Rowland said the Chattanooga director is a former Clevelander, Dawn Guthrie Benjamin, who coordinates these services between families and donors. Her office coordinates recovery for organ and tissue recovery services to 25 area hospitals.
“Dawn is a former Clevelander and a former Cleveland Daily Banner employee,” he said. “She can be reached by calling her office at 423-756-5736 or e-mailing her at email@example.com.
Rowland added, “Donna Simpson does an excellent job at the Bradley County Courthouse as she takes part in the organ donation program that is done at the time of driver’s license renewals.”
At renewal time, people are asked to mark “Yes” to organ donation each time they renew or make changes to a driver’s license. This assures that their names remain on the Tennessee Donor Registry.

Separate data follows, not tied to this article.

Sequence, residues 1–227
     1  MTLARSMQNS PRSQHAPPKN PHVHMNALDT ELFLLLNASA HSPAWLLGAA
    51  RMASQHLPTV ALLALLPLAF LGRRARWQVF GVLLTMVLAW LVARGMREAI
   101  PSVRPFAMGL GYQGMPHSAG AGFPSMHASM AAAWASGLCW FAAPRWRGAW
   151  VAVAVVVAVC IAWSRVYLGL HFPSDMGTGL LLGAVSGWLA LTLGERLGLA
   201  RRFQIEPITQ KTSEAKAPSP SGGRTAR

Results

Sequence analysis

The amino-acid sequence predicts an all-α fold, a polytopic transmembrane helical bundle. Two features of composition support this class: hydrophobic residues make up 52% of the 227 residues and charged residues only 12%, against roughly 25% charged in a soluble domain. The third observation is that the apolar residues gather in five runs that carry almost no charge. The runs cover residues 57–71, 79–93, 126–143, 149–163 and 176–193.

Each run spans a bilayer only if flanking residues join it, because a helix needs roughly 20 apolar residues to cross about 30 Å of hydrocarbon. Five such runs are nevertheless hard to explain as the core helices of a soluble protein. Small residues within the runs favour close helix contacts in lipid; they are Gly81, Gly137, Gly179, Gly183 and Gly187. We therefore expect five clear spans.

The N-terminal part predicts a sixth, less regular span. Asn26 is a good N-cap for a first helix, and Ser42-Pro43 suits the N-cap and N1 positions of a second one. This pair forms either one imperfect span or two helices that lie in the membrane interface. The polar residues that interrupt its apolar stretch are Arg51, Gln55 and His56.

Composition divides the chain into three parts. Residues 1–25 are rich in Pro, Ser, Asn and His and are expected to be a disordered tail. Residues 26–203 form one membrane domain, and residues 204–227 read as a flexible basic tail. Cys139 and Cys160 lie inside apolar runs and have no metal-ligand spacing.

“If you do not indicate ‘Yes’ to organ donation on your driver’s license renewal, your name will be removed from the Registry,” Rowland reminded. “Becoming an organ, eye and tissue donor truly shares life with others. By putting your name on the Donate Life Tennessee Organ and Tissue Donor Registry, you consent to having your organs and tissue made available for transplantation upon your death.”
Examples of organs for lifesaving transplants include heart, liver, pancreas, kidneys, lungs and small bowel. Examples of tissues that could save or enhance someone’s life include eyes/corneas, heart valves, bones and skin grafts.
The Make a Difference Day project offers cash rewards up to $10,000 for those who qualify.
The cash reward is provided through the Paul Newman Foundation called Newman’s Own.
More information about the awards can be found on the “Make a Difference Day” website or in the Cleveland Daily Banner’s “USA Weekend” editions.
Rowland asked that anyone doing a special project Saturday call his office next week at 476-8931 and report on the project, number of volunteers and number of hours. His office will then submit the Cleveland projects to the National Make a Difference Day organization.